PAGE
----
6. Finding purpose is the key to well-being.
One theme that kept coming up throughout revitalize was purpose. Purpose is the compass to a more fulfilling life, but while people usually think it has to be some big, grandiose thing, Turner thinks otherwise: "Not every person has a fat, juicy purpose. For some people it's to enjoy every day," she said. "What better purpose in life is there than to feel good all the time?"
When asked about what people can do to narrow in on their purpose, spiritual icon (and winner of this year's mbg Lifetime Achievement Award!) Deepak Chopra, M.D., said to "Ask yourself what would you do if you had all the money in the world and all the time in the world. And that'll give you a clue."
7. Love lies at the heart of wellness.
Over the course of the weekend, Chopra said, "Love is the ultimate truth at the heart of the universe... Action without love is irrelevant"; Rountree named "loving more" as one of his top keys to longevity; and Mackey told us that "We must be the love we wish to see in the world." While there are many things that wellness leaders debate these days, the role of love in a healthy life definitely doesn't seem to be one of them.
8. Mind-altering drugs are incredibly powerful, and the wellness world should approach them with caution.
Psychedelic drugs are becoming more common in the wellness world—used to help people work through trauma of all sorts. At revitalize, Jason Wachob welcomed four experts with four very different opinions to the stage to talk about the risk and potential of these substances: Melissa Hartwig Urban, Whole 30 founder; Ellen Vora, M.D., holistic psychologist; Molly Maloof, M.D., personalized medicine physician; and Rich Roll, author, athlete, and plant-based pioneer. The consensus? While they have proved valuable for some, they should be approached with extreme caution.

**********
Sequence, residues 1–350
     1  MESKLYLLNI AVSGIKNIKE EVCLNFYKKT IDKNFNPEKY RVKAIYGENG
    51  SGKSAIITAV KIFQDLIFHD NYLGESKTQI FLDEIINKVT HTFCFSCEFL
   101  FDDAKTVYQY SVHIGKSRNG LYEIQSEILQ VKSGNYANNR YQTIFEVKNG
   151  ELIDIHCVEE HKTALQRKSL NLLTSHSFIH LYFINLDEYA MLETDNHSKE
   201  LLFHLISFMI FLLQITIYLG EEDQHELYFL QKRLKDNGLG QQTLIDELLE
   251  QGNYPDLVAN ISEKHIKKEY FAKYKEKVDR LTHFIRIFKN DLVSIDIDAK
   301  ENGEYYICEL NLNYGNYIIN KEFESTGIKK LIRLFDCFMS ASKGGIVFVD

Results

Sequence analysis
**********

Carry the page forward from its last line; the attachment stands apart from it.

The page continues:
"You can have 19 meaningful, good trips and one bad one that profoundly affects your life afterward. That is the level of risk we have to talk about—this is your brain," said Hartwig.
"There still is uncertainty. To me, you mess up your microbiome, we can fix that," added Wachob. "You roll the dice with your mental health…it's very hard to reclaim that."
9. Real talk: We all need to wake up.
"We need to be woken up because everyone right now is experiencing a lucid dream in a vivid now," Deepak Chopra told an engaged crowd. His talk was an invitation to bring more presence, more awareness, to every situation and remember the divine in each human experience.
10. The future does not belong to those who are afraid.
Author, actor, and public speaker Hill Harper was the last one to take the main stage this weekend, and he challenged the audience to take everything they had learned and fearlessly share it with their communities. "Perfection stops action; our need to be perfect, our need to get it right, stops us from being truly innovative," he said. "The future belongs to those who can blend passion, reason, and courage."
Don't forget to keep an eye on the mbg podcast in the coming weeks for the complete talks! Be the first to know when they drop by signing up for our podcast newsletter and subscribing to us on iTunes, Google Play, or Stitcher.